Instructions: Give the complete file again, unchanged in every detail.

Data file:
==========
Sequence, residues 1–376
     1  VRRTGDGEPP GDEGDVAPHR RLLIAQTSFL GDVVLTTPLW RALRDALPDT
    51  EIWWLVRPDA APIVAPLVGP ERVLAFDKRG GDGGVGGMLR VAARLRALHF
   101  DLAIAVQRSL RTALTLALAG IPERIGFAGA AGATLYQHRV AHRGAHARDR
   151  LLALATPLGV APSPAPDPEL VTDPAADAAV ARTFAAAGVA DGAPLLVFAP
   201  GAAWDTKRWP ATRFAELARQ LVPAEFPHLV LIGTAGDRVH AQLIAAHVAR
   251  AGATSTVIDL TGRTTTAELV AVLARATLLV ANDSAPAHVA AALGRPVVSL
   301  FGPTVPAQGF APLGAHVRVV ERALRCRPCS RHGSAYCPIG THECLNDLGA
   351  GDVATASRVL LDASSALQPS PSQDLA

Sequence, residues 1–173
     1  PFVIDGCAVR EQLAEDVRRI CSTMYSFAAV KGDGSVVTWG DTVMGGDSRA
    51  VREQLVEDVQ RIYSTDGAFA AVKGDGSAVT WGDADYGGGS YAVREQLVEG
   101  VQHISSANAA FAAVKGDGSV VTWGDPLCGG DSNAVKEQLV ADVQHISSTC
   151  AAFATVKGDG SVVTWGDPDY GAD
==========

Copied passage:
Sequence, residues 1–376
     1  VRRTGDGEPP GDEGDVAPHR RLLIAQTSFL GDVVLTTPLW RALRDALPDT
    51  EIWWLVRPDA APIVAPLVGP ERVLAFDKRG GDGGVGGMLR VAARLRALHF
   101  DLAIAVQRSL RTALTLALAG IPERIGFAGA AGATLYQHRV AHRGAHARDR
   151  LLALATPLGV APSPAPDPEL VTDPAADAAV ARTFAAAGVA DGAPLLVFAP
   201  GAAWDTKRWP ATRFAELARQ LVPAEFPHLV LIGTAGDRVH AQLIAAHVAR
   251  AGATSTVIDL TGRTTTAELV AVLARATLLV ANDSAPAHVA AALGRPVVSL
   301  FGPTVPAQGF APLGAHVRVV ERALRCRPCS RHGSAYCPIG THECLNDLGA
   351  GDVATASRVL LDASSALQPS PSQDLA

Sequence, residues 1–173
     1  PFVIDGCAVR EQLAEDVRRI CSTMYSFAAV KGDGSVVTWG DTVMGGDSRA
    51  VREQLVEDVQ RIYSTDGAFA AVKGDGSAVT WGDADYGGGS YAVREQLVEG
   101  VQHISSANAA FAAVKGDGSV VTWGDPLCGG DSNAVKEQLV ADVQHISSTC
   151  AAFATVKGDG SVVTWGDPDY GAD